But I was being general for two reasons. First of all, I haven’t played through Fable 3 or New Vegas, so I don’t really have much to add to that conversation. It seems entirely plausible to me that QA dropped the ball or that corners were cut. But more importantly I was being general because Russ Pitts made the decision to be general rather than to criticize specific games, and I was mainly responding to his argument.

kyrieee wrote:

I couldn't help but think that the two guests on this show are a bit naïve, "why can't the games just be bug free?". Games being hard to make isn't an excuse, it's a reality ...

I believe their point is that the consumer is naive, or ought to be. Joe Console Gamer doesn’t care how hard games are to make, why should he? He plopped down $60 bucks and won’t cotton crashes. The problem gets hairy when Joe Console Gamer demands more sophistication from his games, and hasn’t developed the emotional toolset to deal with software crashes. When the markets were more segregated between simple console games and complex PC games, this was less of an issue, because people in the PC market developed the tools to deal with the pitfalls of complexity (some of them over-reacted and decided to major in Computer Science.)

The solution discussed by the guests on the podcast seemed to be that developers shouldn’t attempt to do anything technical that they don’t already know how to do perfectly. The rationale is that buggy games hurt the industry as a whole, and that the existence of rough games are turning people off of gaming in general.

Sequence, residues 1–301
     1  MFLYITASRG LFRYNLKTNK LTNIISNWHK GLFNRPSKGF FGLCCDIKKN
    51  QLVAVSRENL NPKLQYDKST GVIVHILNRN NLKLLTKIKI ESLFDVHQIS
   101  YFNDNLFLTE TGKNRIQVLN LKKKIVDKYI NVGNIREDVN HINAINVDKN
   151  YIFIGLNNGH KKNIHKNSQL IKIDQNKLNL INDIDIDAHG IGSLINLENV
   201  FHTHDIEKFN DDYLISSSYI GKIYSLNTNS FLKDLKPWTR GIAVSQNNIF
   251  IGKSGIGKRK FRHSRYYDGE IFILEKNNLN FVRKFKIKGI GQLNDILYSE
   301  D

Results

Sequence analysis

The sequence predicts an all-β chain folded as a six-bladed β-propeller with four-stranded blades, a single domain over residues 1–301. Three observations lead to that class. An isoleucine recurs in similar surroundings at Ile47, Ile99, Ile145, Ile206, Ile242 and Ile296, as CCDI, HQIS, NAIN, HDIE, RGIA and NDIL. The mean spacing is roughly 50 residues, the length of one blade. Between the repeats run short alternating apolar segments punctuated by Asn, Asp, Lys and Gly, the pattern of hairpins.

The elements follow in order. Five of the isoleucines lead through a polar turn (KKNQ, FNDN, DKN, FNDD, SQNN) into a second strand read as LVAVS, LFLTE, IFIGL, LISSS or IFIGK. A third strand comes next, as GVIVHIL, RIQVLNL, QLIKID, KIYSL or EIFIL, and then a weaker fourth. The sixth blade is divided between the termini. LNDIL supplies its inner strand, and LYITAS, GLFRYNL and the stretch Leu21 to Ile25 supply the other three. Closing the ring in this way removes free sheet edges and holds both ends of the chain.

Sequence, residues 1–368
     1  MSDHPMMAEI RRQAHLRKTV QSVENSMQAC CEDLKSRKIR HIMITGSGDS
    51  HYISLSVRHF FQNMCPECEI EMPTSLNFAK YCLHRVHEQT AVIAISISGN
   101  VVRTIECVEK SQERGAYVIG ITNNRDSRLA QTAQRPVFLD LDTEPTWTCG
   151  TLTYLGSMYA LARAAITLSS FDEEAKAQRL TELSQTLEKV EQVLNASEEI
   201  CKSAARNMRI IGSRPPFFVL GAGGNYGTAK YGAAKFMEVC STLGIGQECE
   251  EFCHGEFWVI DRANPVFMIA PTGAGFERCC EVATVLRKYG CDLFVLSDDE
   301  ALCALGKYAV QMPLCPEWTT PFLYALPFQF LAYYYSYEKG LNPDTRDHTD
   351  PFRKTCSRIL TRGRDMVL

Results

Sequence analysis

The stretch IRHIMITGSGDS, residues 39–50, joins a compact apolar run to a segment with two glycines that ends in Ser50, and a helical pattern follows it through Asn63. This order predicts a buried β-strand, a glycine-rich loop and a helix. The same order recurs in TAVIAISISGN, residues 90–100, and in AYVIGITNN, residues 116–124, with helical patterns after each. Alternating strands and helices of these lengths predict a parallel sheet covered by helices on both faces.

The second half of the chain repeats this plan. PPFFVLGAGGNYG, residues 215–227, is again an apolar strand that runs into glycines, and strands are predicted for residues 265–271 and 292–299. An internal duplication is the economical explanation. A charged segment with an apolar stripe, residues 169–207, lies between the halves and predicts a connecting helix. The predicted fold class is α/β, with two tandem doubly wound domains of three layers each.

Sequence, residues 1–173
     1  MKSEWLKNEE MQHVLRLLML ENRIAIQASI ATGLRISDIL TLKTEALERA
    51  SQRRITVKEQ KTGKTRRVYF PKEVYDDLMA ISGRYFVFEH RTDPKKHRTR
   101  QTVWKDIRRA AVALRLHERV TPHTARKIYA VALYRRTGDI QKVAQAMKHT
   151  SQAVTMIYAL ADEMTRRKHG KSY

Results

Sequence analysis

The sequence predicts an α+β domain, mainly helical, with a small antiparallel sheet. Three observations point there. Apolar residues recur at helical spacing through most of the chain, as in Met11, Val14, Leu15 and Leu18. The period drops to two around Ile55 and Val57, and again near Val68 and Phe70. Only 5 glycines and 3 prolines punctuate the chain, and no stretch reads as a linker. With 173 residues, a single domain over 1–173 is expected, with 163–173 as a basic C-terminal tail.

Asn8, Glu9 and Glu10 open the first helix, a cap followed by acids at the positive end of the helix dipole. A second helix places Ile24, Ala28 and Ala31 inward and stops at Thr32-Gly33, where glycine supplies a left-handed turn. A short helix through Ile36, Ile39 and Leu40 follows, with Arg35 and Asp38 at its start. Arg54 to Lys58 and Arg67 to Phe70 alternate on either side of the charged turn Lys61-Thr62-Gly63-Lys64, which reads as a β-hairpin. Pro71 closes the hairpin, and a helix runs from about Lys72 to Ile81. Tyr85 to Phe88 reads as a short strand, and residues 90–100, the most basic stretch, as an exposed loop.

I think that the better approach would be to focus on educating consumers to a higher degree. People mostly figure out what sort of movies they like and what sort of actors they like. Is it so much to ask that they invest some amount in learning about company reputations and reading an occasional game review? It made me sad during the podcast to hear that Russ’ friends quit gaming because they didn’t know if the game they were paying for would meet an acceptable quality standard. If personal friends of the editor of a highly esteemed video game journal can’t get a good recommendation for a game, what does that say about the state of video games journalism?

hbi2k wrote: